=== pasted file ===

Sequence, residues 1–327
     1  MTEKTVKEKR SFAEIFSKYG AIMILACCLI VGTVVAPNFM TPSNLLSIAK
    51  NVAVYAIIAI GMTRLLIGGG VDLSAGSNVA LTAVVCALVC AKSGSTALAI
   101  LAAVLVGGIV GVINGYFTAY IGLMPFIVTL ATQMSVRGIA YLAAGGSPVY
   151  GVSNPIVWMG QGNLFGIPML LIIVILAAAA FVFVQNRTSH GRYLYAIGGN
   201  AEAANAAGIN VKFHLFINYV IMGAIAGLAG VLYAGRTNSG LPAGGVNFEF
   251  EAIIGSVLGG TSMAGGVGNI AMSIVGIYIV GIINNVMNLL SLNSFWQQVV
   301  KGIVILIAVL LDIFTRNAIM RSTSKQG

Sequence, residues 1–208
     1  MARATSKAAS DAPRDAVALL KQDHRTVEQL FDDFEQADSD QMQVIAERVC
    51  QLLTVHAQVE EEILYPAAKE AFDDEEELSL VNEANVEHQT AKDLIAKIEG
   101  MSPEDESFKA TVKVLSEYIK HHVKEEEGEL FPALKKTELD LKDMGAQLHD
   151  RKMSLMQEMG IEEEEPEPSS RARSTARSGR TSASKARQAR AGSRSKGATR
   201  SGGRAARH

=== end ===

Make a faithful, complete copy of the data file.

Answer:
Sequence, residues 1–327
     1  MTEKTVKEKR SFAEIFSKYG AIMILACCLI VGTVVAPNFM TPSNLLSIAK
    51  NVAVYAIIAI GMTRLLIGGG VDLSAGSNVA LTAVVCALVC AKSGSTALAI
   101  LAAVLVGGIV GVINGYFTAY IGLMPFIVTL ATQMSVRGIA YLAAGGSPVY
   151  GVSNPIVWMG QGNLFGIPML LIIVILAAAA FVFVQNRTSH GRYLYAIGGN
   201  AEAANAAGIN VKFHLFINYV IMGAIAGLAG VLYAGRTNSG LPAGGVNFEF
   251  EAIIGSVLGG TSMAGGVGNI AMSIVGIYIV GIINNVMNLL SLNSFWQQVV
   301  KGIVILIAVL LDIFTRNAIM RSTSKQG

Sequence, residues 1–208
     1  MARATSKAAS DAPRDAVALL KQDHRTVEQL FDDFEQADSD QMQVIAERVC
    51  QLLTVHAQVE EEILYPAAKE AFDDEEELSL VNEANVEHQT AKDLIAKIEG
   101  MSPEDESFKA TVKVLSEYIK HHVKEEEGEL FPALKKTELD LKDMGAQLHD
   151  RKMSLMQEMG IEEEEPEPSS RARSTARSGR TSASKARQAR AGSRSKGATR
   201  SGGRAARH